A Bristol-mix Saturday

This set of photos resulted from an impromptu tour around a really odd mix of bits of Bristol last Saturday. No particular purpose, just decided to see how things were changing in the Enterprise Zone area around Temple Meads and moved on from there. Not everyone’s top choice for spending a Saturday but it’s good to take in a panoramic view of your adopted city every now and then – re-examine your prejudices, inspect the present, see how the visions of architects and planners take shape and what tricks they’ve missed or pulled off. And illuminating too to discover new viewpoints and transformed vistas.

This route encompassed urban decay and salubrious suburbs; remnants of defunct transport and evidence of dismantled communities; grand houses and rough-sleepers’ woodland bedrooms – many shades of the city’s distant and recent histories. Meanwhile new technologies emerge and the adaptable entrepreneurial spirit throws up some pleasing surprises – architectural, environmental and edible. Some more details below photos.

Work has begun on the new arena near Temple Meads Station – guess that means that Grow Bristol’s project will have to shift soon – seen in these photos from a small, and somehow almost invisible spinney on the site of old housing right next to the Bath Road in Totterdown now home to discarded tents, an unusually large number of freezer bags and a crocus plant.

Surprised to learn from the Bristol Wood Recycling people that the future of their site and the neighbouring, dystopian Parcel Force building is still uncertain – they’re just across the river from the new Arena site – property speculators at work.

Lunch in Hart’s Bakery, located in one of the arches underneath the approach ramp to the station and despite misgivings that it would be an overpriced hipster haven the pasty was excellent and fair value, the bread magnificent and everything seemed comfortably ordinary.

Admired, disdained or withheld judgement on new buildings, hard-landscaping and street furniture round Temple Quay then headed north-east a couple of miles to Easton and dived into several different continents courtesy of the Sweet Mart on St Marks Road. On the rare bits of wall space not covered in shelves there are photos of the family’s market stalls selling vegetables in Uganda in the 1950s and 60s, their original enterprise that developed into a successful shop, but they were thrown out by Idi Amin in the 1970s and Mr.Kassam Majothi came to Britain as a refugee, starting up the Sweet Mart in 1978. Still run by the family it’s become a fine example of Bristol’s independent shops; there’s a short film about the family here.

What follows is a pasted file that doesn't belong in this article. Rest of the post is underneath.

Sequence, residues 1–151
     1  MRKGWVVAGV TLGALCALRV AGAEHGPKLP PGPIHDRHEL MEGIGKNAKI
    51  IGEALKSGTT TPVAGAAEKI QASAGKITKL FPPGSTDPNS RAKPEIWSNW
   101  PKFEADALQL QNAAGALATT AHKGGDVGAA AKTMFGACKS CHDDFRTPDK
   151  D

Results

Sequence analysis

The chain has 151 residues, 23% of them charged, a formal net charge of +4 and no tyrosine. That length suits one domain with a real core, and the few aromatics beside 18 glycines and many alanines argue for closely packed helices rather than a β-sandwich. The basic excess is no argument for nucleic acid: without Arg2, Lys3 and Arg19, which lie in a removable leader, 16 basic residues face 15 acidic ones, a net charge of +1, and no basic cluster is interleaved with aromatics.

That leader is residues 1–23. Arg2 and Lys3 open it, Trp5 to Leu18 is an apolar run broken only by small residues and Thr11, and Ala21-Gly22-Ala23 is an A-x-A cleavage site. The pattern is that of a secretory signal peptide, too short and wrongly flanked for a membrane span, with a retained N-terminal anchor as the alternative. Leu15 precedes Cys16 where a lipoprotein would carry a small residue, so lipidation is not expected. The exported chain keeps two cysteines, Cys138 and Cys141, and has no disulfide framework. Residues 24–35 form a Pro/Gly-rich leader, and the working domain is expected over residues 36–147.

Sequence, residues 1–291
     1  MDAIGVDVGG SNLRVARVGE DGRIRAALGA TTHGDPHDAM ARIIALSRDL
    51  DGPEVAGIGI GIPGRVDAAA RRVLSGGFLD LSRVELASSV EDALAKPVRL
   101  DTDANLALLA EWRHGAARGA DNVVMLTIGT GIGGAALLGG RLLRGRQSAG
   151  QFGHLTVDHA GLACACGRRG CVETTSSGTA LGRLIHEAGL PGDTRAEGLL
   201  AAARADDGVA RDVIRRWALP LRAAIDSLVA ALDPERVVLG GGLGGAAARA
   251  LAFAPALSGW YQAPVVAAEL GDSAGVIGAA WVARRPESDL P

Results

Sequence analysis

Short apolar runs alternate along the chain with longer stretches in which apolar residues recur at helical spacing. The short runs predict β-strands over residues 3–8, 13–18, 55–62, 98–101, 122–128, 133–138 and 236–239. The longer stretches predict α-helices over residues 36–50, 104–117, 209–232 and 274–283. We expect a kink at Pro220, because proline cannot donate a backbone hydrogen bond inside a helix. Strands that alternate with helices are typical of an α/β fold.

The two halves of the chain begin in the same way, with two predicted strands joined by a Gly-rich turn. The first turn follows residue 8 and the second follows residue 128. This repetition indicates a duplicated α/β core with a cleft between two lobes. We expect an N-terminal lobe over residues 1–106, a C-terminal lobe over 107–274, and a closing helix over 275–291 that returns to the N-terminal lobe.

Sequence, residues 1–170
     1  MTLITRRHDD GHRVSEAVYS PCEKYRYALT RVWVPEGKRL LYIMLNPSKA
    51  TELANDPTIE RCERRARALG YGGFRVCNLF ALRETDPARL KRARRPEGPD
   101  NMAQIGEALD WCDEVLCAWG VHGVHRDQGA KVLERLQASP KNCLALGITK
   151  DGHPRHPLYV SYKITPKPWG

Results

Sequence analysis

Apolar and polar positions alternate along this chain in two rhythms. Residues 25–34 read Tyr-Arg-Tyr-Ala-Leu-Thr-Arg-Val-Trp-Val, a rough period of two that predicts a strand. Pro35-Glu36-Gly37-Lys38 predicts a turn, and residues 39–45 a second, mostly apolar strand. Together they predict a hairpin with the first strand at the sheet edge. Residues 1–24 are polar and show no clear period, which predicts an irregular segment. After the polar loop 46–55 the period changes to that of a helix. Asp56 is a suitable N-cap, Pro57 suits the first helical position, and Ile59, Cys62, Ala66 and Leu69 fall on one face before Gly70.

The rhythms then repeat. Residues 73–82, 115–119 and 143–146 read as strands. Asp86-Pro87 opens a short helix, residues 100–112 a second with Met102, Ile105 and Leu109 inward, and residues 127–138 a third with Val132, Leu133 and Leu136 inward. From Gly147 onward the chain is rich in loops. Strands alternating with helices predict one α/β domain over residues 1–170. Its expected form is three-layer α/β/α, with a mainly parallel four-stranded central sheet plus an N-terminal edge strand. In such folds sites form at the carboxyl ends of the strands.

Took a long-winded route out to Kingsweston via Bristol’s18th and 19th Century suburbs of Henbury and past Blaise Castle House to Vanburgh’s Kingsweston House, a handsome pile in spacious grounds that often fills me with gloom, despite this we were heading there for ‘tea on the terrace’ in the thin winter sun. Because of Bristol’s slave trade reputation it’s easy to assume that large houses such as these were all built by families who were connected with this bleak history but Blaise was built by a Quaker abolitionist (also a banker), John Harford.

Neighbouring Kingsweston was owned for several generations by the wealthy Miles family who regrettably were part of the Triangular Trade, but Philip Napier Miles became a notable philanthropist in the early 20thC providing many local amenities – perhaps making amends for his antecedents. It was this same family who in the 1870s developed Avonmouth as a new dock on the marshland below their house thus reducing the once famed views to a dismal industrial scene. It was too cold to sit on the terrace so we stayed inside the Vaulted tearoom but there are still views to be had of the Welsh hills, and Avonmouth. Back home to sample the Hart’s Bakery loaf and goodies from the Sweet Mart, but first through Lawrence Weston, past the wind farm and the shiny new bits of the sewage treatment works on the ex-marshand…


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